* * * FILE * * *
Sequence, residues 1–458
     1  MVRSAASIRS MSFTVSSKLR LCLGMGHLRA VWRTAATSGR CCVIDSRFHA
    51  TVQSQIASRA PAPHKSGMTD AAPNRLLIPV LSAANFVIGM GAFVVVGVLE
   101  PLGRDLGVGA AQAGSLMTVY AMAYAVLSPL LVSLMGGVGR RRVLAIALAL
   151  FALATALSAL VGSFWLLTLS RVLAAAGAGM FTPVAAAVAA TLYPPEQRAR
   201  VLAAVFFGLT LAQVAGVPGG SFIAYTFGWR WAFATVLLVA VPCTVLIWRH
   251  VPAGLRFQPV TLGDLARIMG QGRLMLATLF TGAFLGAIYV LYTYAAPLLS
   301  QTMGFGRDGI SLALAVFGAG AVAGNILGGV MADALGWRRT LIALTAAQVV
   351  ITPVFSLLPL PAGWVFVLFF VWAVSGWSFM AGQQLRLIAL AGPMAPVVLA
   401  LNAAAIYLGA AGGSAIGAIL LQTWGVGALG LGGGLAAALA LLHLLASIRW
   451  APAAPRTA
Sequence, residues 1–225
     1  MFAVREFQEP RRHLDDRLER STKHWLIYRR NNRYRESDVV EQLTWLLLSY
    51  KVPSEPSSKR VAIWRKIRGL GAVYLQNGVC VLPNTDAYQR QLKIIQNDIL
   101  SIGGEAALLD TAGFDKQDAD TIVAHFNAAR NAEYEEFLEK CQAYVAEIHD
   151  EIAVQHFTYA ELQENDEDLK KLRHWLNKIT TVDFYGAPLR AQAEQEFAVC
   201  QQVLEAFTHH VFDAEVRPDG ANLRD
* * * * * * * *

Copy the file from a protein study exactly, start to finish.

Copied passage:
Sequence, residues 1–458
     1  MVRSAASIRS MSFTVSSKLR LCLGMGHLRA VWRTAATSGR CCVIDSRFHA
    51  TVQSQIASRA PAPHKSGMTD AAPNRLLIPV LSAANFVIGM GAFVVVGVLE
   101  PLGRDLGVGA AQAGSLMTVY AMAYAVLSPL LVSLMGGVGR RRVLAIALAL
   151  FALATALSAL VGSFWLLTLS RVLAAAGAGM FTPVAAAVAA TLYPPEQRAR
   201  VLAAVFFGLT LAQVAGVPGG SFIAYTFGWR WAFATVLLVA VPCTVLIWRH
   251  VPAGLRFQPV TLGDLARIMG QGRLMLATLF TGAFLGAIYV LYTYAAPLLS
   301  QTMGFGRDGI SLALAVFGAG AVAGNILGGV MADALGWRRT LIALTAAQVV
   351  ITPVFSLLPL PAGWVFVLFF VWAVSGWSFM AGQQLRLIAL AGPMAPVVLA
   401  LNAAAIYLGA AGGSAIGAIL LQTWGVGALG LGGGLAAALA LLHLLASIRW
   451  APAAPRTA
Sequence, residues 1–225
     1  MFAVREFQEP RRHLDDRLER STKHWLIYRR NNRYRESDVV EQLTWLLLSY
    51  KVPSEPSSKR VAIWRKIRGL GAVYLQNGVC VLPNTDAYQR QLKIIQNDIL
   101  SIGGEAALLD TAGFDKQDAD TIVAHFNAAR NAEYEEFLEK CQAYVAEIHD
   151  EIAVQHFTYA ELQENDEDLK KLRHWLNKIT TVDFYGAPLR AQAEQEFAVC
   201  QQVLEAFTHH VFDAEVRPDG ANLRD